Navarra Quartet, Wigmore Hall
Tuesday 08 March 2011
Beethoven’s deafness was a noisy affair, with his dying hearing-sensors sending dreadfully garbled messages to his brain, but you’d never know it from the magisterial poise of the music he went on writing.
Bedrich Smetana, on the other hand, made a deliberate choice to translate the tinnitus which heralded his deafness into an explicitly musical form. The movement with which he concludes his String Quartet No 1 is marked ‘vivace’, and it really is vivacious until a sudden high E comes in like a dentist’s drill, bringing everything to a juddering halt, after which the instruments sound as if they are tiptoeing away.
The young Navarra Quartet presented this moment with fine panache, after delivering a convincing account of this autobiographical work. ‘I wanted to paint in sounds the course of my life,’ wrote this Czech composer, and though the Prague chamber music society dismissed it as impossible to play, it is now deservedly one of the best-loved works in the chamber repertoire. The Navarras didn’t quite catch the heel-clicking precision needed for the first of the country dances, but in every other respect they did it proud, bringing burning intensity to the ‘in memoriam’ for the composer’s dead wife, and a generous warmth to its evocations of village life.
They had begun their concert with Haydn’s Quartet Opus 54 No 2, and whoever penned the unsigned programme-note – one of the players? – deserves praise for a singular piece of illumination. It pointed out that in Haydn’s day quartets were mostly played by amateurs at home, where there would at best be just one skilled violinist: this work’s Adagio – one of the most sublime Haydn ever wrote – calls for extreme expressiveness from the first violin, while the other instruments provide the simplest of backdrops.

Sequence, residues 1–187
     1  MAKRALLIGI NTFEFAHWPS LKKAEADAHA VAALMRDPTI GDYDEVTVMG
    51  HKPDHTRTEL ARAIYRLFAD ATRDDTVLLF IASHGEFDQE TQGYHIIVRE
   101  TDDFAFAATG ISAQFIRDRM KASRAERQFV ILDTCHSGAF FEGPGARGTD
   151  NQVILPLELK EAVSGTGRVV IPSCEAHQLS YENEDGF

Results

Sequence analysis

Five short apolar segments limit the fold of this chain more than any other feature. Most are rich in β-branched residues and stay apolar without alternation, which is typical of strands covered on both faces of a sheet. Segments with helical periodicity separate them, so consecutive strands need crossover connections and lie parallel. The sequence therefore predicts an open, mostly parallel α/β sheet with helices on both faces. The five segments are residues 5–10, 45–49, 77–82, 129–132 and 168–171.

In point of fact, though the rest of the work was ably played, we didn’t get that sublimity from the Navarras: they had bags of vitality, but not that subtle synergy which distinguishes the most seasoned quartets. And by ending with an underwhelming account of Beethoven’s late A minor Quartet, with its transcendent Adagio, they demonstrated how far they have yet to go. This is holy ground, and only those able to penetrate its chiaroscuro mysteries should tread it.
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